We at the Ministry of Tourism envisioned what success would look like at this early stage of the project, and we are very pleased with the progress. Four independent Destination Stewardship Councils are robustly operating on our islands with wide cross-sector stakeholder representation and partnerships. In addition to legally incorporating and effectively branding themselves and regularly engaging their community members, the Councils are well on their way with a mix of short- and longer-term projects that advance the GSTC Destination Criteria in their communities.
The volunteer crew from a recent community clean up project. [Photo courtesy of Ocean Aid 360]
Initial projects included sustainable waste management partnerships, protecting and interpreting cultural sites and assets, enhancing safety and security by installing solar streetlights, and more. The Councils are also engaging in innovative marketing based on stakeholder involvement, strengthening resident buy-in and engagement while raising awareness of the Councils and destination sustainability. For example, one of the Councils held a competition to generate their Council’s logo, which enhanced the Council’s visibility as well as marketed the destination’s sustainability initiatives. After two years of this initiative, some DSCs have already secured grants and/or partnerships with international NGOs for the execution of project work.
A year after forming, the Councils instituted simple monitoring and evaluation indicators to measure their performance in key areas based on input from their membership. The results of that exercise were positive, also yielding recommendations for improvement, which the Councils are following. The monitoring indicators focus on the level of stakeholder engagement, Council stability, and effectiveness of capacity-building exercises conducted during the project. The indicators are standardized across Councils, which further enhances communication and collaboration among Councils as well as good practice sharing and troubleshooting support where needed. The monitoring indicators also serve as a ready data set for Councils to communicate progress to external audiences, including actual and potential donors and the public. Importantly, the progress measurement has helped the Councils identify areas where their members would like to see improvement and keeps communities and membership at the center of decision-making, which is fundamental to the sustainability of this effort.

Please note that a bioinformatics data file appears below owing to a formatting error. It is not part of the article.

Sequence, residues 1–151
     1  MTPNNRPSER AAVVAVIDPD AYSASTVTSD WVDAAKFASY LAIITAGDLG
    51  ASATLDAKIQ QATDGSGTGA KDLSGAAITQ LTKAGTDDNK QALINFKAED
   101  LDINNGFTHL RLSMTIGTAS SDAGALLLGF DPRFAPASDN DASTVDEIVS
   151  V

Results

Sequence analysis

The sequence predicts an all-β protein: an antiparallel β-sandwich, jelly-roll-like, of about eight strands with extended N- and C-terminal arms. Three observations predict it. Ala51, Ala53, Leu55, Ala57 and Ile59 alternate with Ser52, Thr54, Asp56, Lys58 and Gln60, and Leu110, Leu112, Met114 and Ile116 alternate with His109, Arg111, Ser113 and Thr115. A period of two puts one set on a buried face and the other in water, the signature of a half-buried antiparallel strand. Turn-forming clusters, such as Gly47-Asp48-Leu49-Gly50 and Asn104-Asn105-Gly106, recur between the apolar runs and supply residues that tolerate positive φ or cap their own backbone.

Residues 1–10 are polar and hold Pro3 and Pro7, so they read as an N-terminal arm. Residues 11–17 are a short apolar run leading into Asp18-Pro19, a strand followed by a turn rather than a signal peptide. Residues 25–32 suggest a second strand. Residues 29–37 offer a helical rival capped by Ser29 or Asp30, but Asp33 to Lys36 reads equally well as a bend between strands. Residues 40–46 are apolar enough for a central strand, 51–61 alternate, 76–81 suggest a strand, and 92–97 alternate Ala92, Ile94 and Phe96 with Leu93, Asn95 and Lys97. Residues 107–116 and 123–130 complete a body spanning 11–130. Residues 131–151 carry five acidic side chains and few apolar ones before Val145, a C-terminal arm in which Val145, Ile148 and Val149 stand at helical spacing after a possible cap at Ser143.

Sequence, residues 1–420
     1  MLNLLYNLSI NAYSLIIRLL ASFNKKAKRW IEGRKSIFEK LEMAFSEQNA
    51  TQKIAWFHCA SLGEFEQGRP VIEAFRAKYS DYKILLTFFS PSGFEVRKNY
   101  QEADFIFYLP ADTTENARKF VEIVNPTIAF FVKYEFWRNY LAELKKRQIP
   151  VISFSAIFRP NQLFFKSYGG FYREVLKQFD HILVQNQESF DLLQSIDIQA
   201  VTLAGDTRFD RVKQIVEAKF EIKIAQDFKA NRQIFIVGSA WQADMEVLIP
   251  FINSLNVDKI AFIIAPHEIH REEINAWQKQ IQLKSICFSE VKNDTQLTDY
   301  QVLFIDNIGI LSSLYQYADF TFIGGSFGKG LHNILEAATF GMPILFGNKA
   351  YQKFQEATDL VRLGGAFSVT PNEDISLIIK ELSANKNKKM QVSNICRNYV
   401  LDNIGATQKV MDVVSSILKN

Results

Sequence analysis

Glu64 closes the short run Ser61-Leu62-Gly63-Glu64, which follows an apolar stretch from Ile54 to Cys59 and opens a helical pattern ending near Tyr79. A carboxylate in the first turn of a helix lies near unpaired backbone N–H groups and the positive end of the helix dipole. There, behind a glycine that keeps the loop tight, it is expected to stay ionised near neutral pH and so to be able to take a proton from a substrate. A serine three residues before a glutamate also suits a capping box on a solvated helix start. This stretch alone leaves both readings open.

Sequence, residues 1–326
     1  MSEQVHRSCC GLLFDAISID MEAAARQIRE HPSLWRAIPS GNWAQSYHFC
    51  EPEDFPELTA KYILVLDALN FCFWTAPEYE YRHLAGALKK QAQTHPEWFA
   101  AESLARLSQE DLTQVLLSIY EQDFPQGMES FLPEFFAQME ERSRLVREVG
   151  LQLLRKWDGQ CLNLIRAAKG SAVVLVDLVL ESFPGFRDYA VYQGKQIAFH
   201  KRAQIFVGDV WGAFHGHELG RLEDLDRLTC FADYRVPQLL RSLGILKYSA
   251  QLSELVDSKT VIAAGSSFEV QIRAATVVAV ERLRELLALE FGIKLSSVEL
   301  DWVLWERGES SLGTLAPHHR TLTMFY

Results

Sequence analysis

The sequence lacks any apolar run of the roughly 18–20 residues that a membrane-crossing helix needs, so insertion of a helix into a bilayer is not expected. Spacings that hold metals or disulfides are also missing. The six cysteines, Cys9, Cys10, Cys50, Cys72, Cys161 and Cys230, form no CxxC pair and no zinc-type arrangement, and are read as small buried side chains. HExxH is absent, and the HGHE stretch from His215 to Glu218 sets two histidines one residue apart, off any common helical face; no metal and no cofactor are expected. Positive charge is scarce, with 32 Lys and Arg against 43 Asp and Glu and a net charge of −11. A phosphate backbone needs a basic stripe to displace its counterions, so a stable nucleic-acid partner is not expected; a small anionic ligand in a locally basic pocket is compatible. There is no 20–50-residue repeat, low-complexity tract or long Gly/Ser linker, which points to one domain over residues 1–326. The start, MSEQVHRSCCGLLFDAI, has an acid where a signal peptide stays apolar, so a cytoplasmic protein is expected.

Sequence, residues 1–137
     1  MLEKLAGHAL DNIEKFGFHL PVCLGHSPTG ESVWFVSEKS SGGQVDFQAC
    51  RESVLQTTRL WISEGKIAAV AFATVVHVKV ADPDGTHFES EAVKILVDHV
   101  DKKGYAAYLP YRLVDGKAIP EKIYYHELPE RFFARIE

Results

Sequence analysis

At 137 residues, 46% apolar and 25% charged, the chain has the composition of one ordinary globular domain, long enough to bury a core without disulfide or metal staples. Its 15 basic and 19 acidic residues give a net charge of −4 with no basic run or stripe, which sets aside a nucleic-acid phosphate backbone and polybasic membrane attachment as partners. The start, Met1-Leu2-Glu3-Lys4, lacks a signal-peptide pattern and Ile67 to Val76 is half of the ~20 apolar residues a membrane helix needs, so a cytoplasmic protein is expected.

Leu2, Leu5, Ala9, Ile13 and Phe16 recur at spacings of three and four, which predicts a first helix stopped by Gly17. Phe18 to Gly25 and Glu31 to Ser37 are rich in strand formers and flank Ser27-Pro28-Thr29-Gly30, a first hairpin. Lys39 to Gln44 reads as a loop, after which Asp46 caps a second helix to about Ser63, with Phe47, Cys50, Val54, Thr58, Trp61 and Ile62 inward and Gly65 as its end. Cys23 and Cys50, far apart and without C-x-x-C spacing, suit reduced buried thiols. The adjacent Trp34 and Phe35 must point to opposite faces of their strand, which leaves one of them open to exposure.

Lastly, I’ll mention that we bring the Destination Stewardship Councils together every six months for a Conclave to share their progress, challenges, and lessons learned. This peer-to-peer sharing has been tremendously valuable to inspire, energize, and mentor each other. Every presentation from the Councils at the Conclave spark pride in communities taking ownership of destination stewardship and accomplishing so much in so little time, and I am confident the best is yet to come.
You said the best is yet to come, what can we expect next from The Bahamas Destination Stewardship initiative?
Involvement and empowerment of tourism stakeholders in decision-making about their community development and management are at the heart of The Bahamas Destination Stewardship Initiative. The initiative engages cohorts of Family Islands on a staggered basis—so we can replicate and scale the approach, applying lessons learned. Currently, we are continuing the support of the original cohort of Councils, while working with GSTC to build capacity for the launch of an additional four Destination Stewardship Councils this year. We hope to work with yet a third cohort of Family Islands to set up Destination Stewardship Councils after that—with the aim of supporting as many communities as are ready within The Bahamas to adopt and become part of our growing network of communities taking charge of their community’s development, practicing responsible tourism and encouraging environmental conservation for better stewardship of their patrimony and preservation of that patrimony for the next generation.